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Biesemeyer Fence Accuracy

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Forum topic by Scott posted 11-14-2013 02:48 AM 978 views 0 times favorited 20 replies Add to Favorites Watch
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Scott

104 posts in 972 days


11-14-2013 02:48 AM

Topic tags/keywords: tablesaw

I’ve just upgraded my R4512 to a Biesemeyer fence.

The first one they shipped was defective – arm was welded to the carriage at an angle. I got a replacement for that one.

Now the replacement fence face has a slight cup to it. There’s also a slight convex bow across just the middle of the face. The bow doesn’t exist at the bottom or top of the fence. When I say “slight”, I’m talking like 5/1000th of an inch.

I’m thinking I’m just being too picky, but wanted to get the opinions of some others. The whole reason I finally got rid of the Ridgid fence was after I found out it had a bow in it that was off about 1/100th of an inch.

Here’s the cupping from the middle of the fence (it’s about the same at the front, and much less at the back):


20 replies so far

View Tedstor's profile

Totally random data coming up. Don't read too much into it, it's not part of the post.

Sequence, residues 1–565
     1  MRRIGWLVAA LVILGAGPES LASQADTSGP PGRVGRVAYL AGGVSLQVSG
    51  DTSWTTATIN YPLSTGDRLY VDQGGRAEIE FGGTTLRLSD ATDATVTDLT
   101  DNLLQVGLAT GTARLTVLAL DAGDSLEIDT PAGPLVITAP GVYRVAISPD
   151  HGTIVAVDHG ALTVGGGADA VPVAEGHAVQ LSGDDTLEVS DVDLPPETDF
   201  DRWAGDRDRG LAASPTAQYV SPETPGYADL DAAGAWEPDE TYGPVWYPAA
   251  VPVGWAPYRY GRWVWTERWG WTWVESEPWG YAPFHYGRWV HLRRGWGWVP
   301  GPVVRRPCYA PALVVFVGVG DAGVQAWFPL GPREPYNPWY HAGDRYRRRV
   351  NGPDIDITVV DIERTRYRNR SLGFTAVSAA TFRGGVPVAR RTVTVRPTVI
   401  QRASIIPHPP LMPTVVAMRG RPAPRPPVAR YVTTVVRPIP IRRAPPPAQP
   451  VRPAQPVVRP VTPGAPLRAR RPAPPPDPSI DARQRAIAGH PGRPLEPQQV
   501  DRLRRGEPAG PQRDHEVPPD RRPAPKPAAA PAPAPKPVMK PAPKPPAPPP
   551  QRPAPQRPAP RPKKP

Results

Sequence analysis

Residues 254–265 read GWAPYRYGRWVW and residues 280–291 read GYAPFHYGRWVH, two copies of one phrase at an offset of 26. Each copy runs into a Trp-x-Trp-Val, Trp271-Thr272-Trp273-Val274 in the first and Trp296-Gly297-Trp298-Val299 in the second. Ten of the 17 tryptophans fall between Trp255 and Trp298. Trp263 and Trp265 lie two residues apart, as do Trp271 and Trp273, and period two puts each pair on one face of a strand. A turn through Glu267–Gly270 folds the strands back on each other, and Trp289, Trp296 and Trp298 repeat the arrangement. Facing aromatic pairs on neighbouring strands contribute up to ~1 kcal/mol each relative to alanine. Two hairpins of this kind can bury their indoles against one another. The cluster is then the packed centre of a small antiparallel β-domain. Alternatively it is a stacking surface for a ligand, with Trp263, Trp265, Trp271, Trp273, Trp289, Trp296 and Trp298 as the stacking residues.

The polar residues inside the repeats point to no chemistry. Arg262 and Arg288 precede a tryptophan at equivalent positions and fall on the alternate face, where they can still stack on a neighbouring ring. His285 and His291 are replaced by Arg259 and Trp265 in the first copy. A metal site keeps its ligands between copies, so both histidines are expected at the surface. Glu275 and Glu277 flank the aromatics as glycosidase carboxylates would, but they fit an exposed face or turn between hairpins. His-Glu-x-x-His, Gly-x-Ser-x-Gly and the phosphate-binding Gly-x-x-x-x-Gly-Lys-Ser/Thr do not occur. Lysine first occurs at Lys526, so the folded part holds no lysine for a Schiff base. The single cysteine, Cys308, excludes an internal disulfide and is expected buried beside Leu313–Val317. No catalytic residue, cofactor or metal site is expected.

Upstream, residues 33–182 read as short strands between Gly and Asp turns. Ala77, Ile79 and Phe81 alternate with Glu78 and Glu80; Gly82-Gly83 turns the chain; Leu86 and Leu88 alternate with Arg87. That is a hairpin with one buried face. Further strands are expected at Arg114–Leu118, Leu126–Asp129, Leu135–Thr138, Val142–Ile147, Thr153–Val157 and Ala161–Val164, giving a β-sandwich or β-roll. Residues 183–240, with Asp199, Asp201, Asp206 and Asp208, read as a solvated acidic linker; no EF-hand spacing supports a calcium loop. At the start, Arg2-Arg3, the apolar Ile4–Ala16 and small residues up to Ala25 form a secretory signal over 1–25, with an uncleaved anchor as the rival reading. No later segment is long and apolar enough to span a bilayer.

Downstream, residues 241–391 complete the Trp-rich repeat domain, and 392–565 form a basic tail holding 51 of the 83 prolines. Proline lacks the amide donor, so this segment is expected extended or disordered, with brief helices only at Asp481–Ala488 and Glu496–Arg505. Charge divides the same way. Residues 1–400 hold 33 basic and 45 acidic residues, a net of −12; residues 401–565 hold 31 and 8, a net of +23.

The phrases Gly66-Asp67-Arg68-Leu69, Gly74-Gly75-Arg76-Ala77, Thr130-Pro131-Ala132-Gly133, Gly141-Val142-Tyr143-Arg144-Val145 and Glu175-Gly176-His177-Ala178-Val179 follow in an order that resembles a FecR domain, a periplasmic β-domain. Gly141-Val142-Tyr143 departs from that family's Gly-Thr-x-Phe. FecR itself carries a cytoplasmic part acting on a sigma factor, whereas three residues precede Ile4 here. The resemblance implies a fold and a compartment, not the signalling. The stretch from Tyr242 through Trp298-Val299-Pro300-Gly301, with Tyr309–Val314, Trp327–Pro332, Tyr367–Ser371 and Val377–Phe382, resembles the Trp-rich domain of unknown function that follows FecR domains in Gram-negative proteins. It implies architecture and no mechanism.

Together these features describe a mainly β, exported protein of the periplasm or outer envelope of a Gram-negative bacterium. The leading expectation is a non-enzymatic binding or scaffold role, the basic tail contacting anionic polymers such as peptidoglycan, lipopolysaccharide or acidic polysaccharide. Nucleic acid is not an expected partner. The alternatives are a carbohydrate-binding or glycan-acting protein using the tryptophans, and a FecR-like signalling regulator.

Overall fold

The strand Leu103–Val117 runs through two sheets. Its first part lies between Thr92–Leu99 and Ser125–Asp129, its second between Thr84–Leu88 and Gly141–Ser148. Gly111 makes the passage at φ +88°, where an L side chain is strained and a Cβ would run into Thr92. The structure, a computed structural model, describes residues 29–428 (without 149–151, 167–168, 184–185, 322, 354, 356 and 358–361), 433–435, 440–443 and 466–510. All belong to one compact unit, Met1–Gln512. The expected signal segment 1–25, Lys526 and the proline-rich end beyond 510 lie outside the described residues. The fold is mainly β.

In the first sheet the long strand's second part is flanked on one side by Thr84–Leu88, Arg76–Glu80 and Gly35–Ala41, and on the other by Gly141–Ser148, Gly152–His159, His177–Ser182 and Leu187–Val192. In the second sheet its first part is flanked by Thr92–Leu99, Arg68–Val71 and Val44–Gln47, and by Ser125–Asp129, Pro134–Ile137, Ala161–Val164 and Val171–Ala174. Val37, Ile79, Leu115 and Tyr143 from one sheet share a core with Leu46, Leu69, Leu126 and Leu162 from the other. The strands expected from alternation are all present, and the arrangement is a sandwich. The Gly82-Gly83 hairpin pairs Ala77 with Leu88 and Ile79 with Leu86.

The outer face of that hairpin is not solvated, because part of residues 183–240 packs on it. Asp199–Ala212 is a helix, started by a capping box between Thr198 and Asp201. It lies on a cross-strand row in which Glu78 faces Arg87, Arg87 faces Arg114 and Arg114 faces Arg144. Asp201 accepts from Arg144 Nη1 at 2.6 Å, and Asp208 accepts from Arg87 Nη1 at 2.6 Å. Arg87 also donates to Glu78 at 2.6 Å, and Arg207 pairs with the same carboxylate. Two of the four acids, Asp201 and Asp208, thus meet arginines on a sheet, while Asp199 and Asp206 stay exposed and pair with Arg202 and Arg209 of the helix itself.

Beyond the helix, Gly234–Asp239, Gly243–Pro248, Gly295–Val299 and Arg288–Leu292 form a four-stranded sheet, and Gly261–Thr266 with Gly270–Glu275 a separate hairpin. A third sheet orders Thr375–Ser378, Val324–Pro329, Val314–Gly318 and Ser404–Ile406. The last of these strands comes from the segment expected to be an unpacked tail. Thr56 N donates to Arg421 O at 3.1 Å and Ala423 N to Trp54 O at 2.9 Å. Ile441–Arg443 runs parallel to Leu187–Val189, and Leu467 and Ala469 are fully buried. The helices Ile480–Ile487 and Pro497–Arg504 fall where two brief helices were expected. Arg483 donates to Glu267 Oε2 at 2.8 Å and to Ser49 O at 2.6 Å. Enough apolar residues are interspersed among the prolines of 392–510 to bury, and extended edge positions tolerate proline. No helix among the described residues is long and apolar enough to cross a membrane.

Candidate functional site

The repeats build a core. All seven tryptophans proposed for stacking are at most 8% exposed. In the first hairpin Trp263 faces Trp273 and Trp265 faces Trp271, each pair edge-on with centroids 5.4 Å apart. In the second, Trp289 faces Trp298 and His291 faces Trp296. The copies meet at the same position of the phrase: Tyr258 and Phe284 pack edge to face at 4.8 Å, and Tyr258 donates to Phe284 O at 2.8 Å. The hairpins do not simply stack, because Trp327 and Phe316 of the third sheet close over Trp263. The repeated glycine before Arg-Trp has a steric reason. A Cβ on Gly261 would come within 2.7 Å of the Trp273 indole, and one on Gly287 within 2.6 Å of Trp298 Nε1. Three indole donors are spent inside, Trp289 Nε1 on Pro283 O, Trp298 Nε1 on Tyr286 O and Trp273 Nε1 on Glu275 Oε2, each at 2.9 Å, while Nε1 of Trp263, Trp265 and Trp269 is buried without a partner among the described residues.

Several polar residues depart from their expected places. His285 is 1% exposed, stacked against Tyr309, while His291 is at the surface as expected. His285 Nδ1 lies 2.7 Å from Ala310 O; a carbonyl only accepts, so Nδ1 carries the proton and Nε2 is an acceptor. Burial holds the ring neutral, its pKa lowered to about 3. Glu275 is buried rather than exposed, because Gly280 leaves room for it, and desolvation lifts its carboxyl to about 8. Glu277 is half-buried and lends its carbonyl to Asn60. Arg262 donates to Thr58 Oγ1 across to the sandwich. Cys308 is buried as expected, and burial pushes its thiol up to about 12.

Tedstor

1505 posts in 1380 days


#1 posted 11-14-2013 02:58 AM

I think you’re being too picky.
But just to be sure, why not cut a few boards and see the results?

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Scott

104 posts in 972 days


#2 posted 11-14-2013 03:03 AM

I did a few test cuts, everything is within a thousandth of an inch with some scrap. I’m more worried about down the road, maybe dealing with some 8/4 stock that may be half the height of the fence and get into that cupped area.

I’ve only been into this a year, so I don’t know what I might run into (if anything) with that.

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ShaneA

5449 posts in 1346 days


#3 posted 11-14-2013 03:06 AM

Looks too small to be a problem in my opinion. It is wood, so super high tolerances aren’t realistic in all situations.

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jap

1240 posts in 802 days


#4 posted 11-14-2013 03:12 AM

Could it be the straight edge?
I personally would not be happy with it.

-- Joel

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Scott

104 posts in 972 days


#5 posted 11-14-2013 03:26 AM

Shane, I kind of agree. I think I might just be a little paranoid after dealing with the problem on the original fence. I’d like to have my equipment calibrated to 1/1000th of an inch though.